Clinical Practice Tool: The Office of Patient Care Advocacy adapted a provider tool from the ACT on Alzheimer's® tools and resources. The tool is designed to serve as a quick reference for providers and other members of the healthcare team, and provide quick Tennessee resources as needed. Click here to access the tool.
Additional training resources can be found on teh NIA website by clicking here.
University Cirriculum: Emory Centers for Training and Technical Assistance offers a free ciriculum for university faculty titiled "A Public Health Approach to Alzheimer's and Other Demenitas." Information about the training guide can be found by clicking here.
CDC Health Brain Initiative (HBI) Roadmap: The Road Map offers state and local public health agencies strategies to influence changes in polocies, systems, and environments related to Alzheimer's and other related dementias. Download the HBI Roadmap here.
TN Dementia Friendly Communities: The Office of Patient Care Advocacy has created a TN Dementia Friendly Community toolkit, building off of successes in other states and communities. The toolkit walks through engaging various sectors of the community to raise awareness about dementia, and support individuals living with the disease and there caregivers. Click here to access the toolkit.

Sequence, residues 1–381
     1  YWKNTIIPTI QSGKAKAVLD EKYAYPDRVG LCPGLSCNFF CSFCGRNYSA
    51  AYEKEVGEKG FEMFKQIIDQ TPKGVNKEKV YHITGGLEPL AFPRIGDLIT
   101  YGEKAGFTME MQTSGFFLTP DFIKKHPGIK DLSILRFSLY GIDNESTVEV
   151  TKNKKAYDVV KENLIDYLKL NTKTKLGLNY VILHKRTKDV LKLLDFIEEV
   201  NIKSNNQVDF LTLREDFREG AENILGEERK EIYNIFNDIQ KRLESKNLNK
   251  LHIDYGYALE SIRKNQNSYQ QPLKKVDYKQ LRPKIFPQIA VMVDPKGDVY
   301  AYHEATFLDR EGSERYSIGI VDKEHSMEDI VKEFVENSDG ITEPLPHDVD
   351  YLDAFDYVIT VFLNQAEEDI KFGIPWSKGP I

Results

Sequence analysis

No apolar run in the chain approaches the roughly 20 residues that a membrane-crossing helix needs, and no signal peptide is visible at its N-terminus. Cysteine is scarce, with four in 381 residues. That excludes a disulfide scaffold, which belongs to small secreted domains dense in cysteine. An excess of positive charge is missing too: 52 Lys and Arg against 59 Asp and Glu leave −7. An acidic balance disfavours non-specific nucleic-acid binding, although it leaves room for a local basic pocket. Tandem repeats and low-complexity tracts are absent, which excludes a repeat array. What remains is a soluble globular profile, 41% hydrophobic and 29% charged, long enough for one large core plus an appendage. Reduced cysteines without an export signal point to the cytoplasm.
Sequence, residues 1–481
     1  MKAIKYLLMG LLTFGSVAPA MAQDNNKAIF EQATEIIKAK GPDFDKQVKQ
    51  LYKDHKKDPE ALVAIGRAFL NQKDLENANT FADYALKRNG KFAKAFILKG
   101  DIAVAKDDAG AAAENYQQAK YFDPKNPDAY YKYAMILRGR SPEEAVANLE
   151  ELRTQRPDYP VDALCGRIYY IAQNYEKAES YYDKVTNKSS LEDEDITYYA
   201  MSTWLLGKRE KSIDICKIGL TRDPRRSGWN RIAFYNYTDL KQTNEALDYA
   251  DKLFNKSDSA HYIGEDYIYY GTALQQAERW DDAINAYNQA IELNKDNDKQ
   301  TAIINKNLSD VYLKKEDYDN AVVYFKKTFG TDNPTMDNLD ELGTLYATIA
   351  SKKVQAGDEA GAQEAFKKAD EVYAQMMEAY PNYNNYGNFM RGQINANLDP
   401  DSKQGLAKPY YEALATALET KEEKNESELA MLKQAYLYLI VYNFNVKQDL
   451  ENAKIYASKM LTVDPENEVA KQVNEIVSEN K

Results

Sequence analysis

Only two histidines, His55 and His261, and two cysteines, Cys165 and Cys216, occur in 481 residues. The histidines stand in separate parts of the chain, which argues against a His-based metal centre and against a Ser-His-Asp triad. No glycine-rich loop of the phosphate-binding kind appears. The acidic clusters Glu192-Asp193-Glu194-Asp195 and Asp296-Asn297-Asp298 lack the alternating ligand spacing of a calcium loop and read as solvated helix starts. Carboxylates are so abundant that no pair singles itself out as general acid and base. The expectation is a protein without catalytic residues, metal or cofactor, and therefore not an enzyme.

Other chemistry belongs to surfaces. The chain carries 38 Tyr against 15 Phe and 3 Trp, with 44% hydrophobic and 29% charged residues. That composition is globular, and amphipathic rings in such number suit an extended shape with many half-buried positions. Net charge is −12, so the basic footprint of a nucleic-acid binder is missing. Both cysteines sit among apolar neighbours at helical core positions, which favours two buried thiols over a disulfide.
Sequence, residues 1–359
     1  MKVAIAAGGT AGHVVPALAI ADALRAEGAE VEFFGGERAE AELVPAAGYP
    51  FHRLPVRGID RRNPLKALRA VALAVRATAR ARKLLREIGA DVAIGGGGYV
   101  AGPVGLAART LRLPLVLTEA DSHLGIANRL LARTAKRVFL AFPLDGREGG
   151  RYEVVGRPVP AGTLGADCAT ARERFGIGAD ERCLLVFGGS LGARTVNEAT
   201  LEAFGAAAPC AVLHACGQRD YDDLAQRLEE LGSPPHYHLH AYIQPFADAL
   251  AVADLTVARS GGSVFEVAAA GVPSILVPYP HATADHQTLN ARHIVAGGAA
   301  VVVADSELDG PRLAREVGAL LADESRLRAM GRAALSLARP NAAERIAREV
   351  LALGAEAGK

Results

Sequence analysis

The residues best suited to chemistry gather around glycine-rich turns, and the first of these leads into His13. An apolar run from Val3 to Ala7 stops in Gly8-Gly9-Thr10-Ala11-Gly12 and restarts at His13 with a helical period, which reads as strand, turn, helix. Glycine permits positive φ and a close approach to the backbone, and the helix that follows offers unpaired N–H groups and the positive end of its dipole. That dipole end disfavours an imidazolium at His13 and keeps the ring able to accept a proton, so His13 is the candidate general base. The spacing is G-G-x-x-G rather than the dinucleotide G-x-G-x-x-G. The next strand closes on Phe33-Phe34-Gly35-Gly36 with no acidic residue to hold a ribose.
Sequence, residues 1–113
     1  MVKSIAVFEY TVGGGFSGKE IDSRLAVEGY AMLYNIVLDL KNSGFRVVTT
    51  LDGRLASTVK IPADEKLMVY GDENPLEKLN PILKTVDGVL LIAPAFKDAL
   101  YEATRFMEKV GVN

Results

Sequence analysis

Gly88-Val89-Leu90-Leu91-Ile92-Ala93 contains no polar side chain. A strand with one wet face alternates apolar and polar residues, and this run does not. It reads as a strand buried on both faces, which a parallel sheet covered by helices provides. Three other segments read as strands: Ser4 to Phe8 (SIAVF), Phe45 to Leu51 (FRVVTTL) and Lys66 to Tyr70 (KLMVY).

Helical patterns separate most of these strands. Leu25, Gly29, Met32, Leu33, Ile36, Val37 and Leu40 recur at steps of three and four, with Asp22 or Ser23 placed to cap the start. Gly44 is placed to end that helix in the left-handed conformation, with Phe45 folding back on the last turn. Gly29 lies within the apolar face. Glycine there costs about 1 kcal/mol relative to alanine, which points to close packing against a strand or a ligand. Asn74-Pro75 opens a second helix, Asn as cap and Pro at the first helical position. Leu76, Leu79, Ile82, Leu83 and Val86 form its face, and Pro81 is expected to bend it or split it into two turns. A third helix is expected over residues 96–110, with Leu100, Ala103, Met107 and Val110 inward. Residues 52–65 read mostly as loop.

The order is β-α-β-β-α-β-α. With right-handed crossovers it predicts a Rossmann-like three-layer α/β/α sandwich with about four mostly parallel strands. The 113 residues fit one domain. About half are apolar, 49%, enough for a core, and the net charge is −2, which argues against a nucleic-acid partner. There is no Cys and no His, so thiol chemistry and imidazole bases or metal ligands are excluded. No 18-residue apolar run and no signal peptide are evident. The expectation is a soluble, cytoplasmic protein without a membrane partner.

Related Data: There are many data sets avaiable for reference. Click here to learn more about Alzheimer's and other dementias data.
Additional Resources for Public Health:
2019 Healthy Aging Brain Brief Strategies for Action
Healthy Brain Toolkit Supplements:
Webinars Webinar: Brain Health, Cognition and Alzheimer’s Disease
The Offices of Patient Care Advocacy and Chronic Disease Prevention and Health Promotion in collaboration with the Alzheimer’s Association will host a webinar to educate public health professionals about their role in addressing the Alzheimer’s epidemic and to provide opportunities & actions to reduce risk of cognitive decline. This webinar will focus on the intersection of public health and Alzheimer’s and other dementias, linking healthy lifestyles and brain health, and the important role of public health in addressing Alzheimer’s . It will also discuss the newly developed public health toolkit designed to provide community level resources and supports as well as tools to integrate brain health messages into existing public health programming on physical activity, tobacco, obesity, and substance abuse.
The Healthy Brain Initiative’s (HBI) State and Local Public Health Partnerships to Address Dementia, The 2018-2023 Road Map